Now here’s something a little more uplifting, a gospel tune by these Christian rockers that, if you believe this stuff, might bring tears itself. [Buy]

R.E.M. – First We Take Manhattan (Leonard Cohen)
My favorite Leonard Cohen song, I posted Kid Harpoon’s riotous cover in this blog’s infancy (this post, though the link’s dead), but this one is a slow-builder, taking six minutes to pound away at your resistance. It sounds so much like an R.E.M. song I’m wondering if Cohen plagiarized. [Buy]

Patti Smith – Gloria (Van Morrison)
Smith adds enough of her own words that it’s practically an original, but her version’s true heart still lies in its punk take on Van the Man. Hers is a sneer for the ages, a sound of its time and above it that sound fresh and vibrant today. [Buy]

Elliott Murphy – Blind Willie McTell (Bob Dylan)
Live covers are a risky business. When an artist goes to the effort to record a cover on an album, it usually shows that they have something new to bring to it. In a live show, however, people can play whatever the hell they want. Of Montreal’s much-talked about take on “Smells Like Teen Spirit” must have been a blast for everyone there, but for those of us that missed it, it just sounds like another boring cover of “Smells Like Teen Spirit.” Exceptions like this make live covers worth seeking out yet. One of my favorite Dylan covers ever, this acoustic duet features fabulous fretwork that perfectly matches Murphy and his unnamed companion’s crescendoing voices. [Buy]

Sharif – Disturbia (Rihanna)
Sure, saying this is one of my favorite covers of all time may be a bit of a stretch, but like many I haven’t been able to get this tune out of my head for weeks. I posted a cover of it last week. Here’s another. [Buy]

Everything But The Girl – Downtown Train (Tom Waits)
Rod Stewart’s version makes you vomit. This one may make you weep. [Buy]

Bruce Springsteen – Detroit Medley (Mitch Ryder, et al.)
Let’s bring in the new year of blogging on a hard-rocking note. Springsteen is unmatched at 50’s covers, and this live favorite never fails to get me dancing. Good golly, miss Molly! [Buy]

Summer

 Posted by at 9:05 pm  No Responses »
Jul 112008
 

-This post’s a few days late cause I realized I accidentally posted it at my other blog Monday. Whoops!-

As the weather’s heating up, it seemed about time for a seasonal post.

Billy Stewart – Summertime (George Gershwin)
Stewart’s version of this classic – wikipedia says there are more than 2,600 known covers – is always in the running as one of my favorite covers ever. If you haven’t heard it yet, this version trumps other excellent renditions by everyone from Janis Joplin to Angelique Kidjo. And even if you had, check out this mp3 – it features introductory notes from Bob Dylan!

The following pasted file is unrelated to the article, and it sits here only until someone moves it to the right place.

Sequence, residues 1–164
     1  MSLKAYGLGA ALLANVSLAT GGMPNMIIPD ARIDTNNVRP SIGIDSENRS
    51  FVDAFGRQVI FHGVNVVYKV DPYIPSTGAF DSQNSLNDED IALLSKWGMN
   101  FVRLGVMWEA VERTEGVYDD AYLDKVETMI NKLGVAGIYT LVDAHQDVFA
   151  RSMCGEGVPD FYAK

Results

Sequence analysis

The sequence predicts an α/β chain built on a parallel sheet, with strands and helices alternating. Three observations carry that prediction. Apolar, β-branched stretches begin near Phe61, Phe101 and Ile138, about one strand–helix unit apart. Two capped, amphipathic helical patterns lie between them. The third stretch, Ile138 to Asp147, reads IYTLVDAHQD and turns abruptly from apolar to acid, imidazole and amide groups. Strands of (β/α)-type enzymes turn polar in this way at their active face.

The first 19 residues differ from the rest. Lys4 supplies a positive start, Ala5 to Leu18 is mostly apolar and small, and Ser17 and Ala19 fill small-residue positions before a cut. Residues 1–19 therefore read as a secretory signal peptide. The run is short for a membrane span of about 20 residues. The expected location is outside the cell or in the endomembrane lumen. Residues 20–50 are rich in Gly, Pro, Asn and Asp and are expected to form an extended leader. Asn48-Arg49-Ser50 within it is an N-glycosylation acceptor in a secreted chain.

TEA – Summer in the City (The Lovin’ Spoonful)
A lost treasure from the psychedelic era, this ’75 single adds some funk guitar to horn swagger that keeps the original’s attitude but updates the sound (though by doing so, it ironically sounds even more dated).

Bruce Springsteen – Summertime Blues (Eddie Cochran)
Bruce and the E Street Band just played this one for the first time in 27 years. It used to be a concert staple though, so here’s an older version, from Cleveland ’78.

Wakey! Wakey! – California Girls (The Beach Boys)
No band has encapsulated summer more than Brian Wilson and co. Wakey’s little toy piano version plunks along almost enough to compensate for the missing harmonies.

The Ramones – Surf City (Jan & Dean)
Off their covers album Acid Eaters, this shows the late-period Ramones having a bit of fun, punking out this Beach Boys-wannabe classic with tongues firmly in cheek.

Dartmouth Aires – The Boys of Summer (Don Henley)
A Capella. You either love it or hate.

Steve Wynn Quintet – Summer Wine (Nancy Sinatra / Lee Hazelwood)
I can’t claim to be familiar with the original, but this haunting cover combines some Johnny Cash outlaw bounce with Emmylou Harris sass.

PYT – Summer of ’69 (Bryan Adams)
When I hear the original, I think about the 80’s more than the 60’s, and all the obnoxiousness of the overblown rawk sound. Stripping it back to some indie-electro is an interesting touch that, whether you think it works or not, makes you hear the song anew.

Little Richard – Dancing in the Street (Martha Reeve and the Vandellas)
It sounds like a regular studio jam session, with Richard shouting out instructions to the musicians and screeching over his backing singers. Almost as fun as that Jagger/Bowie 80’s-tastic video.

Ray Pasnen – Margaritaville (Jimmy Buffet)
I hate this song with a burning passion, and finding a cover without some ear-bleeding-inducing steel drums was damn near impossible. This one is interesting though, an acoustic guitar version where he sings it to the tune of Hendrix’s “Little Wing.”